Researchers warn of emails pretending to help business employees upgrade to Windows 10, & then stealing their Outlook emails & passwords.
An ongoing phishing attack puts pressure on enterprise employees to upgrade their Windows 7 systems. In reality, they are redirected to a fake Outlook login page that steals their credentials.
Windows 7 reached end-of-life (EOL) on Jan. 14, with Microsoft urging enterprises to upgrade to its Windows 10 operating system. While Windows 10 was released in 2015, the issue of upgrading end-user machines mean that many companies have been lagging behind with updates.
“This explains why enterprises wait, sometimes for years, before taking the plunge,” observed Kaleb Kirk, researcher with Cofense in a Friday analysis. “Unfortunately, these delays give the bad guys time to refine exploitation techniques on older operating systems lacking the latest architecture.”
The phishing emails in question, entitled “Re: Microsoft Windows Upgrade,” use the “re” prefix, which researchers said may instil a sense of urgency by leading the user to believe they have missed a prior communication about the upgrade.
The email tells recipients, “Your Office Windows computer is Outdated & an Upgrade is scheduled for replacement Today,” & includes a schedule (some strange capitalisation & spacing is utilised, serving as ‘red flags’ that the email is not legitimate).
It then tells users, “To Upgrade your Windows 10, please open your browser to the Windows 10 Upgrade Project Site,” pointing to a URL. This link then takes the recipient to the phishing landing page.
Below the URL, the emails included additional detail telling the user what they can expect from the upgrade process, & a colour-coded list with items like: “COVID-19 employee symptom tracker,” “access your pay slips & P60s” & “access the new staff directory.”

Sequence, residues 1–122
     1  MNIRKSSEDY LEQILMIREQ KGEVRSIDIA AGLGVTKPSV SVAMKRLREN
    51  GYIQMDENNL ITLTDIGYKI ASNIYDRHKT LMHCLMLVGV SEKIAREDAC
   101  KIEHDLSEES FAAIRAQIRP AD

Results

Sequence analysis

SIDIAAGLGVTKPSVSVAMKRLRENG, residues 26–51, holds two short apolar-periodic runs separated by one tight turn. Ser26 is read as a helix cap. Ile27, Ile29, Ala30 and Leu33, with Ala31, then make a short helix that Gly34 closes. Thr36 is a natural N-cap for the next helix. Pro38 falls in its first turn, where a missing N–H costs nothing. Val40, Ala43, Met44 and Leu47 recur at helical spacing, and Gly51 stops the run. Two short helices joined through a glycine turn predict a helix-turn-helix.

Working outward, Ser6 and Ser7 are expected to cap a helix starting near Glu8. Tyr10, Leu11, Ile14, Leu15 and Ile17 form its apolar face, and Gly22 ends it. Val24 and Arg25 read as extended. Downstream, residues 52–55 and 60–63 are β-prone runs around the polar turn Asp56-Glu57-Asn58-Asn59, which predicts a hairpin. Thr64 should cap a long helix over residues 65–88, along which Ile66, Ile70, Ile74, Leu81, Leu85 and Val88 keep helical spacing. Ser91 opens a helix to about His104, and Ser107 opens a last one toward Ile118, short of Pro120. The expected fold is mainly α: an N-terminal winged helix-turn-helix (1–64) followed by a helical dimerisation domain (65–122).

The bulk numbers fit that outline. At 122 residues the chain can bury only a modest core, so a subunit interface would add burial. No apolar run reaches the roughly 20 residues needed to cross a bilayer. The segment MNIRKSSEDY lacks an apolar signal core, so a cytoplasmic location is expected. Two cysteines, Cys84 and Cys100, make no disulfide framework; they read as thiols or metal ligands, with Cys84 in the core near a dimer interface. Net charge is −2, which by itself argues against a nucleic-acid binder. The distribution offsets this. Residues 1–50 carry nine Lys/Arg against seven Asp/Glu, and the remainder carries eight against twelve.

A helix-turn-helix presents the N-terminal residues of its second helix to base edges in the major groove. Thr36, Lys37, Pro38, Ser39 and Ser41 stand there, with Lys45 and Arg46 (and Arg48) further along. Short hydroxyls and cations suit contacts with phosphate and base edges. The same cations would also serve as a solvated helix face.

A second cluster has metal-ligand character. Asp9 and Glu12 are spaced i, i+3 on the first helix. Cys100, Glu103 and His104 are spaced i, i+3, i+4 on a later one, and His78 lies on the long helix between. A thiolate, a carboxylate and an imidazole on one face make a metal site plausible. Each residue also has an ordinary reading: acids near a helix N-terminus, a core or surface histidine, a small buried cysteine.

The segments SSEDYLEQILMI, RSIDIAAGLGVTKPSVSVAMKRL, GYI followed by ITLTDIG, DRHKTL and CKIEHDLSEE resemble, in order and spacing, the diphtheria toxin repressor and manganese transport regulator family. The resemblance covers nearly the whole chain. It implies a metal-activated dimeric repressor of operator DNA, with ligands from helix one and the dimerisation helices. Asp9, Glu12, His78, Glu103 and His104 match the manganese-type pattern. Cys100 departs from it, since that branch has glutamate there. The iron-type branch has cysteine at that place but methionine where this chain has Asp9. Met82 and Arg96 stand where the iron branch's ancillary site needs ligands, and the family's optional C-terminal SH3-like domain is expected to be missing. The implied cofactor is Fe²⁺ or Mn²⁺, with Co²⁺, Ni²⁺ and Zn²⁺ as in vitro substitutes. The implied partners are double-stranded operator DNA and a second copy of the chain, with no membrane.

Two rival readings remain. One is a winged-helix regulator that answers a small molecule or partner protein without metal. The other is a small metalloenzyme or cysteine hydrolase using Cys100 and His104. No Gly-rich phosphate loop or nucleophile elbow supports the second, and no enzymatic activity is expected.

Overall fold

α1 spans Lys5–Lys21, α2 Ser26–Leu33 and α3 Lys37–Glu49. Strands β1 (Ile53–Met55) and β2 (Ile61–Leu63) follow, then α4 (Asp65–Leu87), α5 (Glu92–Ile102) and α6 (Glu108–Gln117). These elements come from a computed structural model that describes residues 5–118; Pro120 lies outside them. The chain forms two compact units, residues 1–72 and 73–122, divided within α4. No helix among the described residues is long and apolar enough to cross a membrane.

One problem in the phishing email is that the “From:” line shows a compromised account titled “Genadiy,” which may be a warning sign for the intended victim, as it is not from their company domain’s IT department. Researchers commented that the phishing scam would be more believable if the sender were instead more generic, such as “Helpdesk.”
“We give this threat actor 2 gold stars for the table with made-up laptops, fake serial numbers, building, etc.,” suggested Kirk. “It applies a good sense-of-urgency ploy using the highlighted ‘Today’ & the body doesn’t have obvious grammar or spelling errors. Again, not completely awful.”
If recipients click on the URL in the email, they are taken to the phishing landing page, which looks like an Outlook Web App (OWA) login page asking for their email address, domain/username & password.
However, this is where the phishing scam appears to fall apart. Researchers commented that the page “gets a D- for lack of effort,” stressing that attackers “wasted a valid SSL certificate on a terrible version of an OWA login page.”
If recipients overlook the red flags surrounding this fake Outlook login page, & enter their credentials, they are then redirected to the Microsoft page about the discontinued support of Windows 7.
Researchers explained that phishing emails have relied on upgrade, & update themed lures, for a while. In April, a phishing campaign roped in victims with a recycled Cisco security advisory that warned of a critical vulnerability.
The campaign asked victims to “update,” then stole their credentials for Cisco’s Webex web conferencing platform instead.
However, with Windows 7 ending official support, enterprises can expect an increase with better, more sophisticated versions of this kind of phishing attack, they outlined.
“We look at phishing emails that bypass commercial gateways all day, every day,” mentioned Kirk. “Most of them are hastily slapped together. This lure needs improvement, but it is not completely awful…. Will we see an uptick in this phishing lure? It will depend on the success rate of this theme. Time will tell.”